Savannah is proof that even something as inherently dull as a grid street pattern can be breathtakingly beautiful. There are delights at every corner, plenty of historic monuments, and a perpetually vibrant feel permeating the city.
The 22 squares ♥♥♥ remaining from the original town plan are an undeniable highlight, each with its own defining features, each surrounded by impressive buildings. There will also be at least one street musician livening up the atmosphere on each square at practically any time of day or night. The streets connecting the squares are also full of architectural delights and are almost invariably very green, with Spanish moss a prominent part of the vegetation.
River Street ♥♥ is a popular promenade for tourists and locals alike, with cafes, shops, statues, street entertainment, and a market at one end. From here, you can take a river cruise ♥ which provides a pretty good commentary but somewhat lacks in views; too little of the town can be seen from the river – aside from the riverfront, you mostly see parts of the port.
A trolley tour ♥ of the historic town is a popular activity offered by several companies (we rode with Oglethorpe Company). The driver’s narration was very lively, with tons of information and stories that may or may not have been necessary – we probably got our money’s worth, but it was a bit of an information overload.
There are quite a few interesting historic mansions in the town center. Owens-Thomas House ♥♥ is among the most impressive and the only one that has partially-restored service spaces on the ground level, in addition to grand rooms. Davenport House ♥ offers many interesting architectural details and yet another story of a made-good resident of Savannah. We lucked into having a personal guide (near the end of the day in a relative off-season) who allowed our child to be photographed with the artifacts inside a child’s bedroom. In fact, this house is the only one that allows photography on the premises (no flash). Andrew Low House ♥ is, on balance, the least impressive of the three mansions mentioned herewith. Well-preserved and furnished, but the rooms on the upper floor can only be viewed from the landing.
Several places of worship are worth considering in Savannah. Congregation Mickve Israel is expected to be closed on Shabbat and during the High Holidays, but even its exterior is worth stopping by. The Cathedral of St John Baptist offered us only a glimpse of its greenish-marble interior in between masses; it definitely merits more attention on a future visit. There are other churches in town that might be interesting to step into.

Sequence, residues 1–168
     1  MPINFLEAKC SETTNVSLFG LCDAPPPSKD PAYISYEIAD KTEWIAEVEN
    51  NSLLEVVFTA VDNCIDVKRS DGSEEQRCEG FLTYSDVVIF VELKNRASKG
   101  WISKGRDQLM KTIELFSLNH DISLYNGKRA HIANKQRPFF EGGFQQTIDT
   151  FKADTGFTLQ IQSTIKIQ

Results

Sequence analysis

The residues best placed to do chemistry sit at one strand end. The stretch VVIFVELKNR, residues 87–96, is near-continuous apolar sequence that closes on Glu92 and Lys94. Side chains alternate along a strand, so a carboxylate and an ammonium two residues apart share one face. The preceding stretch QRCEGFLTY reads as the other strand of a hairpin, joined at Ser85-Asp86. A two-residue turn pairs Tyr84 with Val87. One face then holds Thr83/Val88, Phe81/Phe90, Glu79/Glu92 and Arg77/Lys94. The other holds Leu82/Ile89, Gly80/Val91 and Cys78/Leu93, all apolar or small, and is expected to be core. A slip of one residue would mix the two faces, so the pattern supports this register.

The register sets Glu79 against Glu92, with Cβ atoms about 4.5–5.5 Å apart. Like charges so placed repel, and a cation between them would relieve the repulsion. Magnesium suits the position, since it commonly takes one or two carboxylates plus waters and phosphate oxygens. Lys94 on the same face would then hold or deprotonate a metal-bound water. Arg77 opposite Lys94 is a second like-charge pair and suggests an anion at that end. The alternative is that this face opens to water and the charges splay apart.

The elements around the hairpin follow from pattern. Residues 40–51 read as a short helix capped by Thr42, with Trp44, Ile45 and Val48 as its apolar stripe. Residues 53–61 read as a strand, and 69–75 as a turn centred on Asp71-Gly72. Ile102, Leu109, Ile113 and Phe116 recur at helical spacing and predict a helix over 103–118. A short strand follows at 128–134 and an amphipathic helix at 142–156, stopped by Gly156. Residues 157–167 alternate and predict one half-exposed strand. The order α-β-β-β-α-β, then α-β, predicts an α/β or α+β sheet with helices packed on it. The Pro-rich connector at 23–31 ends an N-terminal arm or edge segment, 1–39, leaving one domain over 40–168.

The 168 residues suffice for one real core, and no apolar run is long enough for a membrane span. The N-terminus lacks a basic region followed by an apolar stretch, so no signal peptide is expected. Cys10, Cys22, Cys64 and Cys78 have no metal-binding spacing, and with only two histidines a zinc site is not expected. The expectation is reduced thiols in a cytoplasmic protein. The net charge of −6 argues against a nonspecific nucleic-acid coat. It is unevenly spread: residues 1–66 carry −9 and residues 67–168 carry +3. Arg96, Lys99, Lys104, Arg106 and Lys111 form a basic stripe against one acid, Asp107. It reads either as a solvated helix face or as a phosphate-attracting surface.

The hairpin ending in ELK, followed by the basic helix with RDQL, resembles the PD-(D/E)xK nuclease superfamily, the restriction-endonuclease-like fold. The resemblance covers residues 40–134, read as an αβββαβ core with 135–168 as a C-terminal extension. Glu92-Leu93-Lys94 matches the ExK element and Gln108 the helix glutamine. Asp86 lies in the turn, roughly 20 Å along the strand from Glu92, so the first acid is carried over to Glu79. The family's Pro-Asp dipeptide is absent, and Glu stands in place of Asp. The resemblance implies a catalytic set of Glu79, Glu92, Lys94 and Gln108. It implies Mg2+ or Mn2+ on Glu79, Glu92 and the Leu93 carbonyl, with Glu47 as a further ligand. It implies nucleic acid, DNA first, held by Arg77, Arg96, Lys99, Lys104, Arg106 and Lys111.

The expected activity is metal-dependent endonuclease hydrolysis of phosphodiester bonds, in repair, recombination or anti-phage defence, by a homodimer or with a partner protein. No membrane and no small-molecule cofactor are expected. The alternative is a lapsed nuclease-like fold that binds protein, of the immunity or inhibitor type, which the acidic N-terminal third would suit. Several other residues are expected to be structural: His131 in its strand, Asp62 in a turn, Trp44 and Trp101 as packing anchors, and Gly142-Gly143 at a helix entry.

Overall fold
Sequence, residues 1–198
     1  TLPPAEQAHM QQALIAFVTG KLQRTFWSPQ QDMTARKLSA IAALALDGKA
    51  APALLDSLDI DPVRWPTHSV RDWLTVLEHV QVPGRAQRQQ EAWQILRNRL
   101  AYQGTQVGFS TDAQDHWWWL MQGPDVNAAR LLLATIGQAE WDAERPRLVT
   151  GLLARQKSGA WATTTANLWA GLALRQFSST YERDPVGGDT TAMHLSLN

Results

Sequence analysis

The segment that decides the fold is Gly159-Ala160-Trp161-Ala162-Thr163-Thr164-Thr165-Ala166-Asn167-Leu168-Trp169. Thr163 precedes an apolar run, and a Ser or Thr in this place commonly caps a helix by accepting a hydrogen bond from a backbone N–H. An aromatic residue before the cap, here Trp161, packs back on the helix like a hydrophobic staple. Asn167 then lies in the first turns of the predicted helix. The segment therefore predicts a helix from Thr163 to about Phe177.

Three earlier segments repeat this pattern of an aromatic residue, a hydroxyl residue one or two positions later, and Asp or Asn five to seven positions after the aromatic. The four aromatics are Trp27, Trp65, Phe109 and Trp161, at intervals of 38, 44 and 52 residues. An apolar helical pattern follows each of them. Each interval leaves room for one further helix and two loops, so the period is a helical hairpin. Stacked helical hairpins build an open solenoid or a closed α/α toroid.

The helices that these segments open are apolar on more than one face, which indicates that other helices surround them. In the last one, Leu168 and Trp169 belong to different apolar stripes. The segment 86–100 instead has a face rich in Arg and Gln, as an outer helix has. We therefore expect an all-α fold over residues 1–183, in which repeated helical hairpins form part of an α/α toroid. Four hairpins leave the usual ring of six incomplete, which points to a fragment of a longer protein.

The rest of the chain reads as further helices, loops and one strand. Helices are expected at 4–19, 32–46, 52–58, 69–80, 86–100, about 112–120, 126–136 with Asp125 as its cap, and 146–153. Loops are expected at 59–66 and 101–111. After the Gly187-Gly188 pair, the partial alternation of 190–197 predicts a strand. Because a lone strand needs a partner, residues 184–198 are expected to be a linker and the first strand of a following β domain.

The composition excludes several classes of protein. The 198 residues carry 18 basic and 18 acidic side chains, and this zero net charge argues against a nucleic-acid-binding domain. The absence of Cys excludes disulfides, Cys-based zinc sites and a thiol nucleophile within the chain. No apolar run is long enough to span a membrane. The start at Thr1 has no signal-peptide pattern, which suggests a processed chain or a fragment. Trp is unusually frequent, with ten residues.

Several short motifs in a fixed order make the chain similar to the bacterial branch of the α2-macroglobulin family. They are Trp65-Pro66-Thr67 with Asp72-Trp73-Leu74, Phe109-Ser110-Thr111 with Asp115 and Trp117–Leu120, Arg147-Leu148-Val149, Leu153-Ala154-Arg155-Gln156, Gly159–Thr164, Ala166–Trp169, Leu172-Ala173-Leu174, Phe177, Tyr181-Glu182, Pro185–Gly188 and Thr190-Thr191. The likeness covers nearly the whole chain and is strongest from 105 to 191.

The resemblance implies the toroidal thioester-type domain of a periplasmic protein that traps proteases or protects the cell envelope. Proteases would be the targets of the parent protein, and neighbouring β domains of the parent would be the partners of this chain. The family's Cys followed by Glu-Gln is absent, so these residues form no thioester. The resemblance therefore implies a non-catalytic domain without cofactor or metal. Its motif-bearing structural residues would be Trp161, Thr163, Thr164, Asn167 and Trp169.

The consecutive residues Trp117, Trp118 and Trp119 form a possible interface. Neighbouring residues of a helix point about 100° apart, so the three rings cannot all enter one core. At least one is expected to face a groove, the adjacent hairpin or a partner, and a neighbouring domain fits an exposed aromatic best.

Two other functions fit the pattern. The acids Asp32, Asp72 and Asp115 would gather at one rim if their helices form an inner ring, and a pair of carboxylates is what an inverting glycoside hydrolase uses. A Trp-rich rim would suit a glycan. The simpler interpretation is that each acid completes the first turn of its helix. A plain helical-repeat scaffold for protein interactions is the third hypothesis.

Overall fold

Potentially interesting museums worth considering in town include the Ships of the Sea Museum and the Railroad Museum. There is also Old Fort Jackson and Oatland Island Wildlife Center further afield.
Forsyth Park ♥♥, marking the southern boundary of the historic city center, is a handsome green space centered on an impressive fountain. There are several monuments, including a major Confederate Memorial, a mix of open spaces and shaded walkways, and a fantastic playground for younger kids.
City Market ♥ gets especially bustling in the evenings – live music acts are a frequent occurrence – but it is not a true market; rather, it is a couple of blocks of shops and galleries, impressive primarily for the concentration of the latter.
In the “memorable stays” category, on account of it being a Nationally-listed Historic Place, Hotel Marshall House (link) is a paragon of Southern charm and hospitality in the most central location in town. Historic features are all over the place. Being also a popular wedding venue, the place may generate noise well into the evening.
As far as eating out is concerned, whether you reserve a table in advance based on online ratings or just pick a restaurant at random, it is hard to have a truly disappointing meal in Savannah.
Worthy of specific recommendations are: The Olde Pink House Restaurant (on Reynolds Square), a storied local institution serving exceptional food that is very busy, cavernous, and atmospheric, with live piano music after 7 pm; and A.lure (around the corner from the market on Congress), always full and always fantastic.